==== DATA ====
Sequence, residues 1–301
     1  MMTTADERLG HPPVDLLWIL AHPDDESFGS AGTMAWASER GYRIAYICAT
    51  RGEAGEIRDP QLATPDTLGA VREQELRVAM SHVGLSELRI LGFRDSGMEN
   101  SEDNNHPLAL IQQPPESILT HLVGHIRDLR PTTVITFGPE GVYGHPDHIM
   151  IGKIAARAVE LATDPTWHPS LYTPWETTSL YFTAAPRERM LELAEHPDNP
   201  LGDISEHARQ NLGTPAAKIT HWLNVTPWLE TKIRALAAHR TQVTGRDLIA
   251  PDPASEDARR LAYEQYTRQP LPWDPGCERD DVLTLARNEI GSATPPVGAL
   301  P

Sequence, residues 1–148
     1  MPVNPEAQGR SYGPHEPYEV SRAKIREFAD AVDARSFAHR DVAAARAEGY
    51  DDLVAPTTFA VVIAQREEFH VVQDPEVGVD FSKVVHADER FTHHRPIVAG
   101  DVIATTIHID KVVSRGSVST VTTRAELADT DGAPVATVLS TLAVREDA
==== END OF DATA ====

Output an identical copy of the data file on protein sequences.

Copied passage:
Sequence, residues 1–301
     1  MMTTADERLG HPPVDLLWIL AHPDDESFGS AGTMAWASER GYRIAYICAT
    51  RGEAGEIRDP QLATPDTLGA VREQELRVAM SHVGLSELRI LGFRDSGMEN
   101  SEDNNHPLAL IQQPPESILT HLVGHIRDLR PTTVITFGPE GVYGHPDHIM
   151  IGKIAARAVE LATDPTWHPS LYTPWETTSL YFTAAPRERM LELAEHPDNP
   201  LGDISEHARQ NLGTPAAKIT HWLNVTPWLE TKIRALAAHR TQVTGRDLIA
   251  PDPASEDARR LAYEQYTRQP LPWDPGCERD DVLTLARNEI GSATPPVGAL
   301  P

Sequence, residues 1–148
     1  MPVNPEAQGR SYGPHEPYEV SRAKIREFAD AVDARSFAHR DVAAARAEGY
    51  DDLVAPTTFA VVIAQREEFH VVQDPEVGVD FSKVVHADER FTHHRPIVAG
   101  DVIATTIHID KVVSRGSVST VTTRAELADT DGAPVATVLS TLAVREDA